Q: I need to do some landscape work around my house. I want to DIY it, but don’t know where to start. Help!

A: An attractive landscape is a great way to add aesthetic, functional, environmental and economic value to your home. Whether a homeowner chooses to go it alone, as you plan to do, or hires a professional, understanding the process behind the science of the artistic practice of landscape design will be beneficial.

There are four basic steps to the design process, which are discussed in depth in the Alabama Cooperative Extension System’s publication on Residential Landscape Design, ANR-813:

•Analyze your site and develop a base plan.

•Determine your landscape needs and sketch out ideas to meet those needs.

•Choose the plants and construction materials that will use to achieve your ideas.

•Create your design on paper.

Since you asked “where to start,” we will discuss only step one of the design process in this article. Pick up the publication at your local Extension office or download it online to read all about the other steps.

You can think of the site analysis as a courtship with your landscape. This dating phase should not be overlooked. While you might think of plants as easily moved or changed, your goal is to develop a thoughtful, lasting landscape that will endure for years.

Begin the site analysis by developing a base map. This involves sketching your house and property, including existing plants, to scale (i.e., 1 inch = 8 feet) on grid paper. Locate the boundaries of your property and indicate the north direction to help you plot the direction of the sun and wind. Locate the positions of both aboveground power lines and underground gas, water and sewer pipes, and power and cable lines.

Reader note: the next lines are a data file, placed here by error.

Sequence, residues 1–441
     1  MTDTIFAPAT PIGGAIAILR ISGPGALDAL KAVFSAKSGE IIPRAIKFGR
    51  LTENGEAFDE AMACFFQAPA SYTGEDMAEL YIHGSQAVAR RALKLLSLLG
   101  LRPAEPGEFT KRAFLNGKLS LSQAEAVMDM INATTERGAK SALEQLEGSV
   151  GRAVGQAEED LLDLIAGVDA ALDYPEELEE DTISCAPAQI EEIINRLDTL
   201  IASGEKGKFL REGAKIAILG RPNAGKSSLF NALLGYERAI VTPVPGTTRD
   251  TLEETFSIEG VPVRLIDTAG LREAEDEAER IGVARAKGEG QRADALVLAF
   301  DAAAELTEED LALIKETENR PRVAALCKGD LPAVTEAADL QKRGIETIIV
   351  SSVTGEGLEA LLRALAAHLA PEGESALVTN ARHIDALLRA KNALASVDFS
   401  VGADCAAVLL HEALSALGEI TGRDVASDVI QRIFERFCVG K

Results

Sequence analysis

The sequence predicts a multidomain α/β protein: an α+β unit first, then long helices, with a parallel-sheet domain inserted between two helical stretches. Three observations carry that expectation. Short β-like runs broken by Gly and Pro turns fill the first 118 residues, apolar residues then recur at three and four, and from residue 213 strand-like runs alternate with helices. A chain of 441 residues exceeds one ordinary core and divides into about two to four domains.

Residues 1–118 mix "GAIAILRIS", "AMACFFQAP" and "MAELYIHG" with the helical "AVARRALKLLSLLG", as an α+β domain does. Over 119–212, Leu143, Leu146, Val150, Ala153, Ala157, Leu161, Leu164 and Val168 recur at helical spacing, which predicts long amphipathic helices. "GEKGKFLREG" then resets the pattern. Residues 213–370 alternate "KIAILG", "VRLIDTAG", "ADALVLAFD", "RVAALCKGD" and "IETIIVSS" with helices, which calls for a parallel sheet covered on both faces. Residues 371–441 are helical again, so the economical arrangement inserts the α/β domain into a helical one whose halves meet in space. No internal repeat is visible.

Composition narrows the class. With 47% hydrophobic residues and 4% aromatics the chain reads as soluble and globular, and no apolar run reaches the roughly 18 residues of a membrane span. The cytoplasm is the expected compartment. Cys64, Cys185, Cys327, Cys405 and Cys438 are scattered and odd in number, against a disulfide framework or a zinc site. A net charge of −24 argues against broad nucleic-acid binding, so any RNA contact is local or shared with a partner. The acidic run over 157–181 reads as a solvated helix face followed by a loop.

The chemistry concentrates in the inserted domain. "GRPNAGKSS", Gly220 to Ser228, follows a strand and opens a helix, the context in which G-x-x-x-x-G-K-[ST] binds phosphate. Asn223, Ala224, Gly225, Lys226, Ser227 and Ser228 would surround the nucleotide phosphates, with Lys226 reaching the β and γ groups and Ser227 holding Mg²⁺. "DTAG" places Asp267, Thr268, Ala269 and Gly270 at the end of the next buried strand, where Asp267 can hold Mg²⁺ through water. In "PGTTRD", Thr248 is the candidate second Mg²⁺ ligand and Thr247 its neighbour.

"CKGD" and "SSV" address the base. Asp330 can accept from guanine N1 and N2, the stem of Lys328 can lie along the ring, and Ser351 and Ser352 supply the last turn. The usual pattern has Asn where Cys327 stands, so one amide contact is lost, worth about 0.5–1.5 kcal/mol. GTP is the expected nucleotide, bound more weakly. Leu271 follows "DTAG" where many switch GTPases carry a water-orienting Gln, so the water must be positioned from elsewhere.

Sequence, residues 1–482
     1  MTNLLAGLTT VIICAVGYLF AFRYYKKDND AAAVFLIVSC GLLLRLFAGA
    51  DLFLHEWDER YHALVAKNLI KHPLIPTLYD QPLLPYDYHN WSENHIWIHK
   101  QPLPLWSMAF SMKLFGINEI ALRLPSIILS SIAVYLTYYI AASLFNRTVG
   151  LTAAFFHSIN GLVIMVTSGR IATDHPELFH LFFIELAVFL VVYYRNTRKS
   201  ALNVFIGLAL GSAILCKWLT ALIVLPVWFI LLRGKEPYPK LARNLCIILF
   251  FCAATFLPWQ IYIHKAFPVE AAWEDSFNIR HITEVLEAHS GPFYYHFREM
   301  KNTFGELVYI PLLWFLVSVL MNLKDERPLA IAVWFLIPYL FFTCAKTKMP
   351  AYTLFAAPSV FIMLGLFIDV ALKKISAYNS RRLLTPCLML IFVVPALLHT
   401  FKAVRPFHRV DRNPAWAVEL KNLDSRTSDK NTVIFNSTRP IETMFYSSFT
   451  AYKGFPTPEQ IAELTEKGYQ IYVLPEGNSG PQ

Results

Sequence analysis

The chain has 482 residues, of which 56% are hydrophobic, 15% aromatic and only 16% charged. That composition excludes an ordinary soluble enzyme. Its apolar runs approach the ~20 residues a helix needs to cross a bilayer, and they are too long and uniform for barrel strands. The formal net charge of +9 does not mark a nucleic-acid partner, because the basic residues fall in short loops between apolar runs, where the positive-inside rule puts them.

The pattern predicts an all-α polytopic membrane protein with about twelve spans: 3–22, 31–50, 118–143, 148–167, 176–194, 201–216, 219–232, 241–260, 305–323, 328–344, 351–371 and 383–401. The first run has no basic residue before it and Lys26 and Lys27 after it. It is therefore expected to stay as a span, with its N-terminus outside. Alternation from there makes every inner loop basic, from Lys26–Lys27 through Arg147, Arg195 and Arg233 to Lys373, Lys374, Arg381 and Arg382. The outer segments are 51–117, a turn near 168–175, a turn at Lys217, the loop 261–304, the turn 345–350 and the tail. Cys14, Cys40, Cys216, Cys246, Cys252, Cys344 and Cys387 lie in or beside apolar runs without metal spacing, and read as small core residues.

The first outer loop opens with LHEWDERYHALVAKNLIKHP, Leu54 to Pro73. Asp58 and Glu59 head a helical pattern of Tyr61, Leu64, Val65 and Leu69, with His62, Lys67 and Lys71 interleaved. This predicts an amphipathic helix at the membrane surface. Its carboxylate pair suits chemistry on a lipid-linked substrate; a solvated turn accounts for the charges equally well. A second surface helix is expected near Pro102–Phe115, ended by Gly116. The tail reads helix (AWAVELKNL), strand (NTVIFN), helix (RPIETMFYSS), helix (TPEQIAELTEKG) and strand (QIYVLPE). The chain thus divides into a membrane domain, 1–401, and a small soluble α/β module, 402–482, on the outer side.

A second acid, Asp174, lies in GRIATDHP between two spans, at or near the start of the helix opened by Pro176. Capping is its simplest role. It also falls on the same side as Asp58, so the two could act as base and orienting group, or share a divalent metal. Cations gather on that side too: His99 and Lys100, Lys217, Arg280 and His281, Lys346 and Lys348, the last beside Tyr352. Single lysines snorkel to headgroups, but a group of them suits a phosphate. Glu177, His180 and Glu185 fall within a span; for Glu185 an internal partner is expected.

If you need help finding the underground utilities, don’t just make your best guess; call 811 and they will do it for you, for free. Nothing kills your DIY-project motivation quicker than digging up your sewer line!

On your base map you’ll also want to note functional areas of your yard. Everything from outdoor kitchens to play areas and even tool storage, whatever you plan to do in your yard, mark it on the map.

Don’t forget the paths that people normally/naturally walk in your yard. Ever seen a new building with new sod and new sidewalks, but a walking trail cutting diagonally across the lawn? Yeah, you want to avoid that at your house, so be honest about where people walk, not necessarily where you’d like for them to walk. Hint: It’s usually the path of least resistance — the straightest, most direct path.

A site assessment of your landscape doesn’t only involve walking around outside. You’ll need to assess your landscape from indoors as well. Sound weird? Well, it’s not when you consider you’re assessing the views out of the windows in your house.

Is there a particularly breathtaking through your bedroom window? Then make note of that on your map and don’t plant a gigantic holly bush (that will become a tree) in front of that window. On the other hand, if your kitchen window looks at your neighbor’s trash bin area, perhaps some strategically placed evergreens would be more pleasing to see when washing dishes.

For more resources to help you, check out Residential Landscape Design at http://www.aces.edu/pubs/docs/A/ANR-0813/ANR-0813.pdf and Alabama Smart Yards at http://www.aces.edu/pubs/docs/A/ANR-1359/ANR-1359.pdf.

You are invited to these free
upcoming gardening events:

What: Lunch and Learn
When: Mon., Jan. 23, noon to 1 p.m.
Where: Jon Archer Center, 1070 Schillinger Road N., Mobile
Topic: Ionix Detox & Herbs for Health, presented by Carol Wattier and A.D. Hale

What: Mobile Master Gardeners Monthly Meeting
When: Thursday, Feb. 2, 10-11:30 a.m.
Where: Jon Archer Center, 1070 Schillinger Road N., Mobile
Topic: The Chelsea Flower Show, presented by Brenda Bolton